David Bourget (Western Ontario)
David Chalmers (ANU, NYU)
Rafael De Clercq
Jack Alan Reynolds
Learn more about PhilPapers
In B. H. Ross, D. M. Bartels, C. W. Bauman, L. J. Skitka & D. L. Medin (eds.), Psychology of Learning and Motivation, Vol. 50: Moral Judgment and Decision Making. Academic Press (2009)
Could a computer be programmed to make moral judgments about cases of intentional harm and unreasonable risk that match those judgments people already make intuitively? If the human moral sense is an unconscious computational mechanism of some sort, as many cognitive scientists have suggested, then the answer should be yes. So too if the search for reflective equilibrium is a sound enterprise, since achieving this state of affairs requires demarcating a set of considered judgments, stating them as explanandum sentences, and formulating a set of algorithms from which they can be derived. The same is true for theories that emphasize the role of emotions or heuristics in moral cognition, since they ultimately depend on intuitive appraisals of the stimulus that accomplish essentially the same tasks. Drawing on deontic logic, action theory, moral philosophy, and the common law of tort, particularly Terry's five-variable calculus of risk, I outline a formal model of moral grammar and intuitive jurisprudence along the foregoing lines, which defines the abstract properties of the relevant mapping and demonstrates their descriptive adequacy with respect to a range of common moral intuitions, which experimental studies have suggested may be universal or nearly so. Framing effects, protected values, and implications for the neuroscience of moral intuition are also discussed.
|Keywords||No keywords specified (fix it)|
|Categories||categorize this paper)|
Setup an account with your affiliations in order to access resources via your University's proxy server
Configure custom proxy (use this if your affiliation does not provide a proxy)
|Through your library|
References found in this work BETA
No references found.
Citations of this work BETA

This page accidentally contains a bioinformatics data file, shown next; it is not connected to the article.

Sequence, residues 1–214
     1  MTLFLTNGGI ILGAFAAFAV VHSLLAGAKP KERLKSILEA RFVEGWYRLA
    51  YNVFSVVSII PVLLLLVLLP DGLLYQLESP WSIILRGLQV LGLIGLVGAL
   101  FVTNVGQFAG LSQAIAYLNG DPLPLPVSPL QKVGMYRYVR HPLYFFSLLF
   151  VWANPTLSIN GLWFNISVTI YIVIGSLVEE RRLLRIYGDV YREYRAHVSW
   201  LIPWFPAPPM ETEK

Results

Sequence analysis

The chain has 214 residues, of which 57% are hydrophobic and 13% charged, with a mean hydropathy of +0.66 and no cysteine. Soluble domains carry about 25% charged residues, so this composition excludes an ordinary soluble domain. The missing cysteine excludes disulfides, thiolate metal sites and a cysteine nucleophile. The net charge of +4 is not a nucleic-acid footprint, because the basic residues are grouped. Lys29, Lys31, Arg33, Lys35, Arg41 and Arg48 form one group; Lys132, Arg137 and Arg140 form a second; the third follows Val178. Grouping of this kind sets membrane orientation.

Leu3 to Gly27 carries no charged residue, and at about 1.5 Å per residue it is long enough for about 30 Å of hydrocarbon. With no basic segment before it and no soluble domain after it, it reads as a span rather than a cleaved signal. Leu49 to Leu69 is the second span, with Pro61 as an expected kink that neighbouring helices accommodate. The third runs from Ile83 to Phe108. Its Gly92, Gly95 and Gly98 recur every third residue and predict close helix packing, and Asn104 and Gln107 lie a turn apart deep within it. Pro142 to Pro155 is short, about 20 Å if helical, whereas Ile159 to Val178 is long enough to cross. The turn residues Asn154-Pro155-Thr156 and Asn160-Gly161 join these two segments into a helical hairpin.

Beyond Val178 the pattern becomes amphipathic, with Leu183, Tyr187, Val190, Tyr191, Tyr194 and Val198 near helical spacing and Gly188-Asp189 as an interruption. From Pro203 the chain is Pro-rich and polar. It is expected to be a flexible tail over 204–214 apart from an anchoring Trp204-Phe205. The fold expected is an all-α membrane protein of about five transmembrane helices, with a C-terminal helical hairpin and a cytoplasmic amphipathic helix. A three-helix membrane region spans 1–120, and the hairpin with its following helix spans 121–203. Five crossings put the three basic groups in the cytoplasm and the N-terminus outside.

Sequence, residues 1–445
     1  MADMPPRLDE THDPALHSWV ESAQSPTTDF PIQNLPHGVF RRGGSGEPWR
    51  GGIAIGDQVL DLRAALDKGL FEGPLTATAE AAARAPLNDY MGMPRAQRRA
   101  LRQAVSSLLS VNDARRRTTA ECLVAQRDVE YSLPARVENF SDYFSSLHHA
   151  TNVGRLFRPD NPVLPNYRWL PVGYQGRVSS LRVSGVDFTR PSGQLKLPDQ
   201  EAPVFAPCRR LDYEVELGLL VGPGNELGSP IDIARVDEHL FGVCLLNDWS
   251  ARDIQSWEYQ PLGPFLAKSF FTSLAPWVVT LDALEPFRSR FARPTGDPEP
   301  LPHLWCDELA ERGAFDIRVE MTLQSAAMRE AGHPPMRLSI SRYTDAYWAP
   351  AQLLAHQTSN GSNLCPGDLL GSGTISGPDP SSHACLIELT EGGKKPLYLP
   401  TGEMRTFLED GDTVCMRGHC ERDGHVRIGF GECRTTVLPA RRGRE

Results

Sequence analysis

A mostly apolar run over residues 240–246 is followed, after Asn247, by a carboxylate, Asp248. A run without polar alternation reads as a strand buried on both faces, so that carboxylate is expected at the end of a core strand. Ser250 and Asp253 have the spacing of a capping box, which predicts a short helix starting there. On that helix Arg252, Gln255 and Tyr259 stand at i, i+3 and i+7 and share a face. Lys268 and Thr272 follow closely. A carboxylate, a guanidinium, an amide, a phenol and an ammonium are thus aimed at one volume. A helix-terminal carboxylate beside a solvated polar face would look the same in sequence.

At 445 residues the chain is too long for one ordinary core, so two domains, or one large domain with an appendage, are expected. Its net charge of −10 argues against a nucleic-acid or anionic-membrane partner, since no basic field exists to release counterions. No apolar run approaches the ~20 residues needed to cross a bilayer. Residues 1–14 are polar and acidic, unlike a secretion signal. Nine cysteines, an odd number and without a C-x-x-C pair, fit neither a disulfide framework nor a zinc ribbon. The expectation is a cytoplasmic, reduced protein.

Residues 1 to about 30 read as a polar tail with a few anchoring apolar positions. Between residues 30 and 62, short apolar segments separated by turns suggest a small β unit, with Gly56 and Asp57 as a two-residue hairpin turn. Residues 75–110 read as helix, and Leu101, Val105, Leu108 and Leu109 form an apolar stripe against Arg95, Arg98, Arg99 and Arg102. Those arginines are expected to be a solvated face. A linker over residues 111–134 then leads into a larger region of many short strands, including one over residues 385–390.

Eric Schwitzgebel & Fiery Cushman (2012). Expertise in Moral Reasoning? Order Effects on Moral Judgment in Professional Philosophers and Non-Philosophers. Mind and Language 27 (2):135-153.
Susan Dwyer, Bryce Huebner & Marc D. Hauser (2010). The Linguistic Analogy: Motivations, Results, and Speculations. Topics in Cognitive Science 2 (3):486-510.
Michael Pardo & Dennis Patterson (2011). Minds, Brains, and Norms. Neuroethics 4 (3):179-190.
Han Gong, Rumen Iliev & Sonya Sachdeva (forthcoming). Consequences Are Far Away: Psychological Distance Affects Modes of Moral Decision Making. Cognition.
Similar books and articles
John Mikhail (2007). Universal Moral Grammar: Theory, Evidence, and the Future. Trends in Cognitive Sciences 11 (4):143 –152.
John M. Mikhail (2011). Elements of Moral Cognition: Rawls' Linguistic Analogy and the Cognitive Science of Moral and Legal Judgment. Cambridge University Press.
David Morrow (2009). Moral Psychology and the Mencian Creature. Philosophical Psychology 22 (3):281-304.
Cass R. Sunstein (2005). Moral Heuristics. Behavioral and Brain Sciences 28 (4):531-542.
Albert W. Musschenga (2009). Moral Intuitions, Moral Expertise and Moral Reasoning. Journal of Philosophy of Education 43 (4):597-613.
Karen Bartsch & Jennifer Cole Wright (2005). Towards an Intuitionist Account of Moral Development. Behavioral and Brain Sciences 28 (4):546-547.
John Mikhail (2008). The Poverty of the Moral Stimulus. In Walter Sinnott-Armstrong (ed.), Moral Psychology Volume 1. MIT Press.
Guy Kahane, Katja Wiech, Nicholas Shackel, Miguel Farias, Julian Savulescu & Irene Tracey (2012). The Neural Basis of Intuitive and Counterintuitive Moral Judgement. Social Cognitive and Affective Neuroscience 7 (4):393-402.
John R. Danley (2005). Polishing Up the Pinto. Business Ethics Quarterly 15 (2):205-236.
Added to index2009-01-28
Total downloads43 ( #45,265 of 1,413,433 )
Recent downloads (6 months)1 ( #154,636 of 1,413,433 )
How can I increase my downloads?